When bad feedback is actually good

It is common when you analyze coverage of a brand to look for “tone” – as in “positive,” “negative,” or “neutral.”


Most people think automatically that “positive” = “good.”


But that is not always the case.


Sometimes bad coverage or bad feedback can actually be outstanding for the brand. Examples:


1.    Audience branding: Very generally, for teenagers the fact that their parents hate a brand, pretty much automatically means they are going to be interested in it and possibly will like it very much. This was the entire premise of the movie Footloose. Today, think Goth – nose piercings, black lipstick & nail polish, ripped clothing, etc. Or the pants-falling-off look. Tattoos, skinny jeans, texting.


2.    Product branding: Uggs boots are deliberately ugly yet extremely popular among people who pride themselves on their looks. Silly Bandz are self-consciously silly. Crocs are atrocious-looking. A Big Mac or a Whopper draws the ire of health-conscious consumers and their advocates but is a delight to those who like to thumb their nose at these “minders.”


3.    Personal branding: A recent article in Harvard Business Review talked about how fear-inducing get more respect than nice and fair ones. Though drill sergeant types can go too far and be frighteningly abusive, often people tend to respect the same people in authority whose authority they complain about. The whole fun of “The Apprentice” is that moment when Trump points his finger at someone and says, “You’re fired!”


4.    Experience branding: The rude bouncer at the popular nightclub is a Hollywood staple – think “Night at the Roxbury.” Or remember Seinfeld, where the “Soup Nazi” kicked people out of the eatery arbitrarily? Or on “Sex and the City,” where Carrie & company waited with bated breath to get into that exclusive new restaurant where it was impossible to get a table? The more exclusive and exclusionary the destination, and sometimes the longer you wait for service, the higher the perceived value of the experience.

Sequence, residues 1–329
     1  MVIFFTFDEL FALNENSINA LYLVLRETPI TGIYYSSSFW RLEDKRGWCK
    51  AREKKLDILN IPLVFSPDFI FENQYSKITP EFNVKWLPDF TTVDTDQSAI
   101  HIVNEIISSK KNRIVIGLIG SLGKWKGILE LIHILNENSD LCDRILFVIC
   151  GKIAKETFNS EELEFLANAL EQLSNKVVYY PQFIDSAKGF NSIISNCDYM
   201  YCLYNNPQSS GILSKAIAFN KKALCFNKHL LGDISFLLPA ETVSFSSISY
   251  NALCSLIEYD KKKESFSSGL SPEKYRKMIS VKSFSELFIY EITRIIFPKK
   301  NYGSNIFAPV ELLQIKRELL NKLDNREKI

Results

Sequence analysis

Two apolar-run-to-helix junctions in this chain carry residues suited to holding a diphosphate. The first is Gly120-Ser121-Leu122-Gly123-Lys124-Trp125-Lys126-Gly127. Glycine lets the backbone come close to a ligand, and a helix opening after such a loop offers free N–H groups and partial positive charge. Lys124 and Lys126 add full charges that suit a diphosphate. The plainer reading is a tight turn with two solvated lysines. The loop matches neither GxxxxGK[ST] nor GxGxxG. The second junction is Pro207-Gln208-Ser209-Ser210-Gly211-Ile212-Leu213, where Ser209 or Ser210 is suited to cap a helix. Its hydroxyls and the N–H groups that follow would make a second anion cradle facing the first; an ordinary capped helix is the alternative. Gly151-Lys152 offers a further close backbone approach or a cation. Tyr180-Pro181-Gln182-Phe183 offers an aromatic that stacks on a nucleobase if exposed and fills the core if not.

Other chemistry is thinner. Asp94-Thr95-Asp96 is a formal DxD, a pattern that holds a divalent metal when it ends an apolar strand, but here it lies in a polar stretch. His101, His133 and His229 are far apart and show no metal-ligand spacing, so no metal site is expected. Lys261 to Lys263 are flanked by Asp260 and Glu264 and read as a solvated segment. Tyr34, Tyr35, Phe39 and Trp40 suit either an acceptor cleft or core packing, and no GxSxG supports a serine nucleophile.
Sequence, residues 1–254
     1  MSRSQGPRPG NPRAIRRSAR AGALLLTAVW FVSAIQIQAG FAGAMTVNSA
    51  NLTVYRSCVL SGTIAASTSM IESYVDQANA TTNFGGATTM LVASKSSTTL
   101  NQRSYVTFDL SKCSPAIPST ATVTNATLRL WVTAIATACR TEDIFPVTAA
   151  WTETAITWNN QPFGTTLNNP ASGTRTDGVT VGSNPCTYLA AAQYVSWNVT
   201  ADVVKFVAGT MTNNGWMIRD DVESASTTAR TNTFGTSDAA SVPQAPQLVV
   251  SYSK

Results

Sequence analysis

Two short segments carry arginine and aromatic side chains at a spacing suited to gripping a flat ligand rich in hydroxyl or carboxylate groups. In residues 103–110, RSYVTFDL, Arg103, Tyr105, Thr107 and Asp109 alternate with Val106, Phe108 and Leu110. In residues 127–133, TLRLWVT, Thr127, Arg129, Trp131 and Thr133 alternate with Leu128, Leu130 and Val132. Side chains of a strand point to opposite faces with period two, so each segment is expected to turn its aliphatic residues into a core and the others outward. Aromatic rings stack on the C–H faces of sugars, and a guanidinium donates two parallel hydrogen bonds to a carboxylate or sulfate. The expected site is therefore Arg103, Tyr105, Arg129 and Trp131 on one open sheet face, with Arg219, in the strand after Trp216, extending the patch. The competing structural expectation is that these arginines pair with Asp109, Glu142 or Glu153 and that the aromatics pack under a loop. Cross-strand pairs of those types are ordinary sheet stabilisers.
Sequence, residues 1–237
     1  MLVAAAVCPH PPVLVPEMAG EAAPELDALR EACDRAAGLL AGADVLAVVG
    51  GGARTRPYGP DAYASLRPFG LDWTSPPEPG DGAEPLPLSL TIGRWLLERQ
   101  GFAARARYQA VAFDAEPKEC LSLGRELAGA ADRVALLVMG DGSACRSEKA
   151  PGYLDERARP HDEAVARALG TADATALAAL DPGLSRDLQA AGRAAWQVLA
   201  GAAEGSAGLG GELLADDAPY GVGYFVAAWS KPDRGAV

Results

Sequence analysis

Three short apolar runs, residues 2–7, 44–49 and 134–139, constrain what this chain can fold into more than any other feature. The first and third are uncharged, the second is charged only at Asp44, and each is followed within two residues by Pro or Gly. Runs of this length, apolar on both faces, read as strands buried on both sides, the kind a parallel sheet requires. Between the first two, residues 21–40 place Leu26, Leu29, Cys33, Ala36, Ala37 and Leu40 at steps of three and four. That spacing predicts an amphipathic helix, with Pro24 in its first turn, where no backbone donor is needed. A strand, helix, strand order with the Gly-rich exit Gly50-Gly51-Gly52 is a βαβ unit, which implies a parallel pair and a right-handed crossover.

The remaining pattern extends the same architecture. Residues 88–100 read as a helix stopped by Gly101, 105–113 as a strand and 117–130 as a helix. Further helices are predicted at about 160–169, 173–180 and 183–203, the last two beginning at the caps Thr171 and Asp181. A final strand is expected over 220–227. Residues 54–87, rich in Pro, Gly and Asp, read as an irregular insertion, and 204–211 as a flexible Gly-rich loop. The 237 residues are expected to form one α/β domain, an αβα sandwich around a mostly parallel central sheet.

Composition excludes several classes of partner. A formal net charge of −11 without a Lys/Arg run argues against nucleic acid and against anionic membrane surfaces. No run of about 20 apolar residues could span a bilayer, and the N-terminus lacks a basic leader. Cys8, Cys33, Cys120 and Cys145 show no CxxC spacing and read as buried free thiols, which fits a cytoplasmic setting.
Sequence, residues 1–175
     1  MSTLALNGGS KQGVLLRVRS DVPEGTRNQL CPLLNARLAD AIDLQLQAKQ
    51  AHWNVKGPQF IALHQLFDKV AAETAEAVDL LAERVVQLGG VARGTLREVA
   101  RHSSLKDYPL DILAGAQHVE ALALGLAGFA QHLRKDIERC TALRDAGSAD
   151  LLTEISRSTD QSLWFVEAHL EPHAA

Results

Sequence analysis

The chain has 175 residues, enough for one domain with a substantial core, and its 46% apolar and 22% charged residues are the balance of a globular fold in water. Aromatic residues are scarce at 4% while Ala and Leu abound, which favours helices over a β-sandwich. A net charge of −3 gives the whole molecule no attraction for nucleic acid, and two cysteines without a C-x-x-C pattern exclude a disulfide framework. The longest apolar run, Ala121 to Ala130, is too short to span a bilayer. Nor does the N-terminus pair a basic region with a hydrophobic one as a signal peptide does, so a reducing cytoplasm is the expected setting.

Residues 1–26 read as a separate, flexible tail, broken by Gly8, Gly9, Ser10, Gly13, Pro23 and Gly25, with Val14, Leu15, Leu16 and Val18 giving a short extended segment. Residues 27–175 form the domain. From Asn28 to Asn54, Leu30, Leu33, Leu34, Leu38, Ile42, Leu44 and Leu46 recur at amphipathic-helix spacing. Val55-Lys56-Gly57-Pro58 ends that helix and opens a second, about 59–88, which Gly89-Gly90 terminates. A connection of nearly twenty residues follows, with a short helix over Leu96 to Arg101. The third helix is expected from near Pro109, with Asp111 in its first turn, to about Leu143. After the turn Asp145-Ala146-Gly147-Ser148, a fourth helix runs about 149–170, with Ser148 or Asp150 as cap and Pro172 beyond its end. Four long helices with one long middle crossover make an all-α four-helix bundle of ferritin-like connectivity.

5.    Technology branding: There are people for whom the joy of the brand is its puzzling difficulty. Think Android vs. iPhone or Ubuntu vs. Mac and even Windows. Like trying to solve the Rubik’s cube, sometimes the fun is in the impossibility.


Often valuable brands are polarizing. This is easy to see in the political world, where some candidates who could never get elected because they inspire so much passion on both sides can actually sell a lot of books, get on TV, etc.


When it comes to cars the same is true. The haters of “gas-guzzling SUVs” are countered by the lovers of muscle who simultaneously belittle “those wimpy Prius owners.”


When it comes to branding, once basic functionality is achieved, all bets are off and the emotional and sometimes irrational take over. The fact that someone is paying enough attention to hate a brand is far more profitable than someone not caring at all. Because for a brand, no attention = no sales and therefore, death.


Of course, times when bad feedback is exactly what it sounds like – bad – and should be taken seriously. The point is to use discretion and evaluate where it’s coming from, why it’s being said, what the context is, and what the underlying psychological meaning might be.


Have a good day everyone, and good luck!



Dr. Dannielle Blumenthal is an author, independent brand researcher, and adjunct marketing professor with 20 years of varied experience. An avid researcher and prolific, creative writer, Dr. Blumenthal's interests span communication, marketing, qualitative media content analysis, political rhetoric, propaganda, leadership, management, organizational development, and more. An engaged citizen, she has for several years worked to raise awareness around child sex trafficking and the dangers of corruption at @drdannielle on Twitter. You can find her articles at Medium, www.AllThingsBrand.com and www.DannielleBlumenthal.com, and she frequently answers questions on Quora. All opinions are Dr. Blumenthal's own.